Few things are going to go so well as to make broad, sweeping statements about what you can derive from a culture from observing its games. Roger Caillois offered that idea, and he was a shocking all-purpose super-racist, like a Voltron of racism, bolting together orientalism and exoticism and a kind of intellectual academia that formed The Head(lessness).
Caillois was so convinced that the destiny of cultures could be seen in the games they played that he dedicated a book to the task, a book that I have had gleeful fun making fun of lately but which also has some terms that we’ve kind of gotten very used to using, terms like ludic and paidic in terms of game design. His model of games as forms of engagement was to see them in terms of how people got involved with them and what that meant they got out of them, and then from that, to try and draw broad, elaborate strokes about what this meant for cultures that just happened to align with western Europeans and mostly French academics just being the best people, and clowns were evil.
Now I don’t think that you can’t draw some conclusions about cultures and their games, particularly in that when I think about Canada and games, the three that spring to mind are curling, crokinole, and ice hockey, and of those games, two require you to have a ready supply of ice in fairly large spaces. When a game can be played with commonly available stuff in common spaces, and doesn’t need a lot of speciality equipment, it becomes more likely that people will play it, and it can spread through a culture more readily. There isn’t a big curling scene here in Australia, a place that hasn’t had common ground ice in its capital cities or residential areas since those places ever existed. It’s kind of doable to look at Canadian games and think ‘the attributes of Canada as a physical space helps to encourage these games.’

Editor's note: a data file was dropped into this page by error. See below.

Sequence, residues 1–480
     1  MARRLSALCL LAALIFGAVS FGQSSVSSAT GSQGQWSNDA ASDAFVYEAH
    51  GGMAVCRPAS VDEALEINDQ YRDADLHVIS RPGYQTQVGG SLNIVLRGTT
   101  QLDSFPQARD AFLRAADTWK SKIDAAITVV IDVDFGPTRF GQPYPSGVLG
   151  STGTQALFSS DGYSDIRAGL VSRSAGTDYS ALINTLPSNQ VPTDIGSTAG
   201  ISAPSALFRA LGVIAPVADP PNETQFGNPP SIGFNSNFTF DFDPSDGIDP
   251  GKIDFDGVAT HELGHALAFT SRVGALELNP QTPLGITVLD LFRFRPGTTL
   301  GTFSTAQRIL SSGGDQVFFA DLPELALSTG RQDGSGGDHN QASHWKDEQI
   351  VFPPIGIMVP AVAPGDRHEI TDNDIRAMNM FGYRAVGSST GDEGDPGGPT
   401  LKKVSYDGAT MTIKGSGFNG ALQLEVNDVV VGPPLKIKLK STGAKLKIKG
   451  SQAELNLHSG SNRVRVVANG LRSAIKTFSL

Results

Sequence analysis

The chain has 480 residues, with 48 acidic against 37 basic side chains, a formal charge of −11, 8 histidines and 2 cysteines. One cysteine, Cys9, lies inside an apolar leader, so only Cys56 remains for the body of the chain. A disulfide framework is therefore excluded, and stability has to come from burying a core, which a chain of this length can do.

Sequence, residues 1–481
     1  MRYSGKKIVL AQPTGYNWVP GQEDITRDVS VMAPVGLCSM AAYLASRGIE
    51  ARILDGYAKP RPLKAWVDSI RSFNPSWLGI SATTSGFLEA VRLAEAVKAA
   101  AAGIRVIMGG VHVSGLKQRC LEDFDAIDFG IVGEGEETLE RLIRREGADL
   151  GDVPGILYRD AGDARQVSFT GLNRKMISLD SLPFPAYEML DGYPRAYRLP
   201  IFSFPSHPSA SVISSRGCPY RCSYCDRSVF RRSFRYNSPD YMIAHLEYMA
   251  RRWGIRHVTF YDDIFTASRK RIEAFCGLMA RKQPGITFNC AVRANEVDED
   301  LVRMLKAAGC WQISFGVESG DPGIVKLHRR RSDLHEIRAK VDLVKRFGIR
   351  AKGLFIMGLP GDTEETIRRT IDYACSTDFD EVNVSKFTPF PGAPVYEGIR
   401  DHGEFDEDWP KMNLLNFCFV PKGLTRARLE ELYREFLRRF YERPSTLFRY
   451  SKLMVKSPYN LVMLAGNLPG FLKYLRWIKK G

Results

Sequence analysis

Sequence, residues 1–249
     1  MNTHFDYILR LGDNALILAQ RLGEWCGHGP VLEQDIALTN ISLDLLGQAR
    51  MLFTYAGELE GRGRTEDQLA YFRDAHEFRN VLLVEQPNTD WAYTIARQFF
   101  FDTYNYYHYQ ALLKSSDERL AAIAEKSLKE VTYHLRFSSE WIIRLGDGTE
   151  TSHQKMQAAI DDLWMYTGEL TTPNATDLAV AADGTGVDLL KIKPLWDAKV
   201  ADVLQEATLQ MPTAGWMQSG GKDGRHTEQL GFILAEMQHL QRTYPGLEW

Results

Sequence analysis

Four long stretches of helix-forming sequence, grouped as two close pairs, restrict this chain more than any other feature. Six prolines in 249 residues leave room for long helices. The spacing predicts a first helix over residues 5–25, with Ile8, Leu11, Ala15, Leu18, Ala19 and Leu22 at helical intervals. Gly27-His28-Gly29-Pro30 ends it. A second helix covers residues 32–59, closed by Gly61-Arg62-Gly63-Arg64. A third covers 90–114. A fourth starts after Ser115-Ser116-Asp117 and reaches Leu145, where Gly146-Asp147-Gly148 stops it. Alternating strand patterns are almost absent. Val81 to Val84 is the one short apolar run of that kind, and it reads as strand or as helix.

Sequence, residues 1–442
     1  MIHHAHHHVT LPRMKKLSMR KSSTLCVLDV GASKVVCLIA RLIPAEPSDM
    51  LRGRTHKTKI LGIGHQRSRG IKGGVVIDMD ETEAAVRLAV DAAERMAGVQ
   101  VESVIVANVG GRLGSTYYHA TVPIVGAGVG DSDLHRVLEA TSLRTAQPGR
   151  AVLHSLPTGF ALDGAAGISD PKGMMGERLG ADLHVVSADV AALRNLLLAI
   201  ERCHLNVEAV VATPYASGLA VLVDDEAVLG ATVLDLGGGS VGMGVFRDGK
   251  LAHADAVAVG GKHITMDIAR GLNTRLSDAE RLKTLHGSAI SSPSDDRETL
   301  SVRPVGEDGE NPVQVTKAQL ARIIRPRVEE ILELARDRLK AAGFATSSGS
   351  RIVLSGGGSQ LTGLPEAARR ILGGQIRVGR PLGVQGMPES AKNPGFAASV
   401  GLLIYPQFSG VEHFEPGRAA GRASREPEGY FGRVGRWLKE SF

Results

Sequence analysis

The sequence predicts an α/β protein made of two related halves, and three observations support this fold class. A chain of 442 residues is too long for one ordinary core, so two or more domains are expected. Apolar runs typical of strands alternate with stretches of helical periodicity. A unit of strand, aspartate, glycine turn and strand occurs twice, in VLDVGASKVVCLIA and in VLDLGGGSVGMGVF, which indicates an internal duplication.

It’s not like my opinions of games is coming from a space of serious expertise, either; Canada is a really big country, and those three games are trying to represent four hundred years of history across literally the second largest country in the world. The game of ear pulling has been played in Canada for literally three millenia and Ice Hockey is relatively recent by comparison.
Still, when I look at these three games, something that strikes me about them all that they have in common is that these three games are not about doing something to the limit of one’s ability. They’re all about, or have rules to encourage, you to do just enough.
This isn’t unique! After all, games like bowls and blackjack are also games about not doing too much but neither of those games are about dealing with the dynamic, slippery surface of ice, or the crokinole board and its skiddy polish.
Is there more to this? Is it a secret insight into Canadian culture?
Have I cracked some Cailloisian code?
It’s just a coincidence. An interesting coincidence, but a coincidence.
But it’s fun, sometimes, to notice these things, and think about how you might do things differently.